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Microsoft Develops a Faster Touchscreen With Only One Millisecond of Lag

o Kevin Lee
13.03.2012 kl 19:04 | PC World (US)

Touchscreens are supposed to offer us the most direct finger-to-screen interaction with our devices, but have you ever noticed that it takes a split second for something to actually happen?

 

Touchscreens are supposed to offer us the most direct finger-to-screen interaction with our devices, but have you ever noticed that it takes a split second for something to actually happen?

This lag is known as touchscreen latency, and it's enough to cause a disconnect of sorts for those who notice it. Microsoft's Applied Science Group is close to solving touchscreen latency with a touch device that reacts within a single-millisecond.

While you might think there is no lag at all with your latest touch device, if you pay close attention, you can perceive touchscreen latency when you are simply launching an app. Try using a painting app and you might notice that the line you're drawing always seems to be following your finger instead of flowing from it.

Touchscreen sensors need to perceive that they are actually being touched, as well as the size of the touch area (how much fingertip is touching the screen) and which direction you're moving your finger. Slower capacitive-touch sensors will always reduce how responsive our devices are, no matter what insanely fast refresh rate our screens have or if they have the latest quad-core processors.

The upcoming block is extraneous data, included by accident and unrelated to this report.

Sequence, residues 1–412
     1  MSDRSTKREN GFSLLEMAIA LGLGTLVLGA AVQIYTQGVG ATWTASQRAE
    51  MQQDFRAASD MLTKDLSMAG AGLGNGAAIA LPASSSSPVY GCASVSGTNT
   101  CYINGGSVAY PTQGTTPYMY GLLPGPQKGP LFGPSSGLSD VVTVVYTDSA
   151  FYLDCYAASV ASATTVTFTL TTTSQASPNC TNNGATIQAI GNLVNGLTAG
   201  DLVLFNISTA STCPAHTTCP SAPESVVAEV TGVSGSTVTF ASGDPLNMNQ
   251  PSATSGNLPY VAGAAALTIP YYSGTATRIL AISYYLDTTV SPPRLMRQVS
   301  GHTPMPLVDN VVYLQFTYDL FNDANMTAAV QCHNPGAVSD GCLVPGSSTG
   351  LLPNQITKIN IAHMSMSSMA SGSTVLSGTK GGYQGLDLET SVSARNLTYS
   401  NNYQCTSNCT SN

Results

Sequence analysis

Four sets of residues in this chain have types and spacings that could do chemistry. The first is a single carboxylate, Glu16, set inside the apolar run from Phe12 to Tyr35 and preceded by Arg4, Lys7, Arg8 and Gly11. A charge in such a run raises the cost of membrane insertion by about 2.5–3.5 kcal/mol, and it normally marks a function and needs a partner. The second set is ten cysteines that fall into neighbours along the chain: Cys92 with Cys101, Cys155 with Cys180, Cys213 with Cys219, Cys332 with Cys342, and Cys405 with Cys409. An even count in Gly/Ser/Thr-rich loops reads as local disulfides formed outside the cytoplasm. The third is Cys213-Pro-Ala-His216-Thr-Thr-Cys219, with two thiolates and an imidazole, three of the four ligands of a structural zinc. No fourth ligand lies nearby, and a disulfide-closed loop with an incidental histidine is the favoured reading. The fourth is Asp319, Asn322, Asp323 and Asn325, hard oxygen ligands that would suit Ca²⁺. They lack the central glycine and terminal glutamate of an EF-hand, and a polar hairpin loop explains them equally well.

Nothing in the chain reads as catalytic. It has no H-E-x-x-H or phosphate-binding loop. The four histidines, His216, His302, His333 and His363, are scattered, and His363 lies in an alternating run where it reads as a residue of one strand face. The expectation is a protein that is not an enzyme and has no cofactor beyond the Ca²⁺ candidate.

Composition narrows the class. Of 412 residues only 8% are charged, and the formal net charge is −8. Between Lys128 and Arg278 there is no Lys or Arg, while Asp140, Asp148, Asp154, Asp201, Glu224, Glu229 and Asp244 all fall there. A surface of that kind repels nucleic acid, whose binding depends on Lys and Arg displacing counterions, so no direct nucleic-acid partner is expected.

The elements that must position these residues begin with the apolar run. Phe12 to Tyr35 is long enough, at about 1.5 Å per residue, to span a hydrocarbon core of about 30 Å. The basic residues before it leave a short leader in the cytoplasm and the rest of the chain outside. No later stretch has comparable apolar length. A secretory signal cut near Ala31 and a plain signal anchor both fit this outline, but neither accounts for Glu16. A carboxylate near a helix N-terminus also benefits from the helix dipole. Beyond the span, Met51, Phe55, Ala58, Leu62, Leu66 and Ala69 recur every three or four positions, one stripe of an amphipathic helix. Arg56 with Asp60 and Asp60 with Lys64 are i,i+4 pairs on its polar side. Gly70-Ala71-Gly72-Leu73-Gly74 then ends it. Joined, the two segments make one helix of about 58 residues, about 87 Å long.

According to the Microsoft Applied Science Group, touchscreen latency on current devices can be as bad as 100 milliseconds (one tenth of a second). Microsoft's slow-motion video shows a staggering difference between painting with more conventional touchscreens and the touchscreen with single-millisecond latency.

While we think this is all good (and slightly depressing if you just bought a new tablet or smartphone) as a demo, Microsoft does not say when or if the company will roll out its super-low-latency touchscreen in a real commercial device.

[Microsoft Research via Tech Crunch via Tested]

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